Friday, February 18, 2011

Blessed The People The LORD Has Chosen To Be His Own.

Friday of the Sixth Week in Ordinary Time
Reading I
Genesis 11:1-9
The whole world spoke the same language,
using the same words.
While the people were migrating in the east,
they came upon a valley in the land of Shinar
and settled there.
They said to one another,
“Come, let us mold bricks and harden them with fire.”
They used bricks for stone, and bitumen for mortar.
Then they said, “Come, let us build ourselves a city
and a tower with its top in the sky,
and so make a name for ourselves;
otherwise we shall be scattered all over the earth.”

The LORD came down to see the city and the tower
that they had built.
Then the LORD said: “If now, while they are one people,
all speaking the same language,
they have started to do this,
nothing will later stop them from doing
whatever they presume to do.
Let us then go down and there confuse their language,
so that one will not understand what another says.”
Thus the LORD scattered them from there
all over the earth,
and they stopped building the city.
That is why it was called Babel,
because there the LORD confused the speech
of all the world.
It was from that place
that he scattered them all over the earth.
+++    +++    +++    +++
Psalm 33
R. Blessed the people the Lord has chosen to be his own.
The LORD brings to nought the plans of nations;
he foils the designs of peoples.
But the plan of the LORD stands forever;
the design of his heart, through all generations.
R. Blessed the people the Lord has chosen to be his own.
Blessed the nation whose God is the LORD,
the people he has chosen for his own inheritance.
From heaven the LORD looks down;
he sees all mankind.
R. Blessed the people the Lord has chosen to be his own.
From his fixed throne he beholds
all who dwell on the earth,
He who fashioned the heart of each,
he who knows all their works.
R. Blessed the people the Lord has chosen to be his own.
+++    +++    +++    +++
Mark 8:34-9:1
Jesus summoned the crowd with his disciples and said to them,
“Whoever wishes to come after me must deny himself,
take up his cross, and follow me.
For whoever wishes to save his life will lose it,
but whoever loses his life for my sake
and that of the Gospel will save it.
What profit is there for one to gain the whole world
and forfeit his life?
What could one give in exchange for his life?
Whoever is ashamed of me and of my words
in this faithless and sinful generation,
the Son of Man will be ashamed of
when he comes in his Father’s glory with the holy angels.”

He also said to them,
“Amen, I say to you,
there are some standing here who will not taste death
until they see that the Kingdom of God has come in power.”
Blessed John of Fiesole
(c. 1400-1455)

The patron of Christian artists was born around 1400 in a village overlooking Florence. He took up painting as a young boy and studied under the watchful eye of a local painting master. He joined the Dominicans at about age 20, taking the name Fra Giovanni. He eventually came to be known as Fra Angelico, perhaps a tribute to his own angelic qualities or maybe the devotional tone of his works.

He continued to study painting and perfect his own techniques, which included broad-brush strokes, vivid colors and generous, lifelike figures. Michelangelo once said of Fra Angelico: “One has to believe that this good monk has visited paradise and been allowed to choose his models there.” Whatever his subject matter, Fra Angelico sought to generate feelings of religious devotion in response to his paintings. Among his most famous works are the Annunciation and Descent from the Cross as well as frescoes in the monastery of San Marco in Florence.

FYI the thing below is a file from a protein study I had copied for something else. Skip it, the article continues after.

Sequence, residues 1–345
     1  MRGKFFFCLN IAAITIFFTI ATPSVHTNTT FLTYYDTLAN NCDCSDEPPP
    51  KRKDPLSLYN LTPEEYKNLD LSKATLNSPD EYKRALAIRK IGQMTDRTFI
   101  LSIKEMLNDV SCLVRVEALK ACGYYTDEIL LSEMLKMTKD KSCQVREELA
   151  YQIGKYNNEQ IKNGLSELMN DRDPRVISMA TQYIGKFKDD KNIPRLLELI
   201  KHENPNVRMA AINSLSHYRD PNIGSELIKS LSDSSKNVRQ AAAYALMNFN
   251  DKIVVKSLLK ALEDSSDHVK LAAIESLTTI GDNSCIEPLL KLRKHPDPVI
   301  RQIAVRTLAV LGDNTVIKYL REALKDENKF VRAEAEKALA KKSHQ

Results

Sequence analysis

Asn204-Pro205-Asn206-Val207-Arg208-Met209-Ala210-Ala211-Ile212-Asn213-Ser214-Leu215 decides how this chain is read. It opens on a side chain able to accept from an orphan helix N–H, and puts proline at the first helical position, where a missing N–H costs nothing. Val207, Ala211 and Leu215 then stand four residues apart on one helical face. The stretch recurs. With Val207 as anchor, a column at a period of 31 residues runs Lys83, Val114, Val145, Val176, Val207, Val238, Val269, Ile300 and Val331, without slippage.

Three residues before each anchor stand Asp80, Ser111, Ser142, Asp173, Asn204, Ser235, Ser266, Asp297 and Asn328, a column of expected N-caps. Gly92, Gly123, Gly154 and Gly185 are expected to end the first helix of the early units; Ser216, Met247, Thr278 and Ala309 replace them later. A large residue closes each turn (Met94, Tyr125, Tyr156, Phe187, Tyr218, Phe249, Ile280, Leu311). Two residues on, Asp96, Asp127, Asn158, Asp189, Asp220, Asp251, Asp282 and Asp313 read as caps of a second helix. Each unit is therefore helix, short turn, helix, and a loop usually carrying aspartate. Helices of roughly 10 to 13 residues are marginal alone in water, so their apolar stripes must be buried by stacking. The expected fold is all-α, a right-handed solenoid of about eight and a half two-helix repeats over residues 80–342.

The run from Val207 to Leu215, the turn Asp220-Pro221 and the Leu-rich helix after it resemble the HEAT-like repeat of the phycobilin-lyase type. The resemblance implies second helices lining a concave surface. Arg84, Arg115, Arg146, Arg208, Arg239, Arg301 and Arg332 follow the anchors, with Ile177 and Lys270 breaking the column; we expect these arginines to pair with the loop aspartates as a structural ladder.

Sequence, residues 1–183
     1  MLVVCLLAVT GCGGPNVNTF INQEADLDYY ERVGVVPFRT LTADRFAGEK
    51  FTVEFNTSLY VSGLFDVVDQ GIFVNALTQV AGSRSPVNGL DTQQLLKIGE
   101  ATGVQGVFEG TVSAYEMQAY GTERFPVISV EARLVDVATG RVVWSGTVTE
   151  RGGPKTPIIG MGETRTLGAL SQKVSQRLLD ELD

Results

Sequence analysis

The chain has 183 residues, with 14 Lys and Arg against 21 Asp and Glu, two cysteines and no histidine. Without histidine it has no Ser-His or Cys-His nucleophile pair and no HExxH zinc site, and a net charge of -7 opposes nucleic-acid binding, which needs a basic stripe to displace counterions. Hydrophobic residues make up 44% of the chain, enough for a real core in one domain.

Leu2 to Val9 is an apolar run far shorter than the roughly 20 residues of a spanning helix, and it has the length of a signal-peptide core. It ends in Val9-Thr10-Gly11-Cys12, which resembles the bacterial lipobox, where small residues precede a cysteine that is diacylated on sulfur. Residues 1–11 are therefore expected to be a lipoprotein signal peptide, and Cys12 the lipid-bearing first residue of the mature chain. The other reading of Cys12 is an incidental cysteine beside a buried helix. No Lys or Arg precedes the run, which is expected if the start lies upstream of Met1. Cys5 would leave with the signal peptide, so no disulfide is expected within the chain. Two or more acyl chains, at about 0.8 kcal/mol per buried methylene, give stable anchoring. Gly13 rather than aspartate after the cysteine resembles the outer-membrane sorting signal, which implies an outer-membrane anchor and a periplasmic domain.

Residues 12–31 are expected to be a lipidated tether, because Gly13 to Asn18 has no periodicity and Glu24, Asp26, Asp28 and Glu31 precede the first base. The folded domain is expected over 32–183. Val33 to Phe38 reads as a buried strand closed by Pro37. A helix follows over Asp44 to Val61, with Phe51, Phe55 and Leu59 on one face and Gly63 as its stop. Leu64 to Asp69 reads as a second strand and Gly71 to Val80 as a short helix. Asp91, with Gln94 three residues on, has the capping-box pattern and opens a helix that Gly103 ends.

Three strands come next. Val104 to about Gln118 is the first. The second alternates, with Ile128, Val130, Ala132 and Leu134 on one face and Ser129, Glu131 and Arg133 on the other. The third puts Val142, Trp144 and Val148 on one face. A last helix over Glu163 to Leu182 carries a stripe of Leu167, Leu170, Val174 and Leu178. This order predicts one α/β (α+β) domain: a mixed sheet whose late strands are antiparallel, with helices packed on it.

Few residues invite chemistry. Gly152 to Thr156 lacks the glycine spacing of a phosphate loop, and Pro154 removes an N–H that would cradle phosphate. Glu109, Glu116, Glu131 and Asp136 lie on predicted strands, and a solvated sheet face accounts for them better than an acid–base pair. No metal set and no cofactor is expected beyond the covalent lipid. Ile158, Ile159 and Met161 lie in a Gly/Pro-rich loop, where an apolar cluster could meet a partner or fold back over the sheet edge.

He also served in leadership positions within the Dominican Order. At one point Pope Eugenius approached him about serving as archbishop of Florence. Fra Angelico declined, preferring a simpler life. He died in 1455.

Saint of the Day

1 comment:

Sarah in the tent said...

'Come, let us build ourselves a city
and a tower with its top in the sky,
and so make a name for ourselves;'

Perhaps this city of brick and bitumen shows an aspiration for the heavenly city of the Book of Revelation. The people of Babel also aspired to a name and to unity (they feared being scattered). These are all good aspirations, but man goes about fulfilling them in an idolatrous way. After all, who is united humanity trying to impress with his name? God? No wonder the whole enterprise backfired! We can all find glory and unity in God's name, which Jesus teaches us to hallow and even to enter in Baptism. Trying to make a name for ourselves will not fulfil our longings - even worse, it distracts us from them.

The sacrament of Baptism (when a person enters God's name and receives a new Christian name) involves both losing one's life for the sake of Jesus and the Gospel, and thereby saving one's life, as Jesus promises. This not only fulfils the aspiration of the people of Babel for a 'name', unity and a share in glory, but also gives us something these ambitious people never even dared dream of - eternal life.

'What profit is there for one to gain the whole world and forfeit his life?'

Jesus forfeited his life to gain the whole world, so what profit is there in this? Perhaps the answer is 'God and sinners reconciled', a new creation and the revelation of God as perfect love, mercy and justice ...?

'What could one give in exchange for his life?'

The pat answer under the Law is 'a life for a life' - I give my life because He gave His life for my life. These two questions that Jesus asks are more mysterious that they seem on first reading!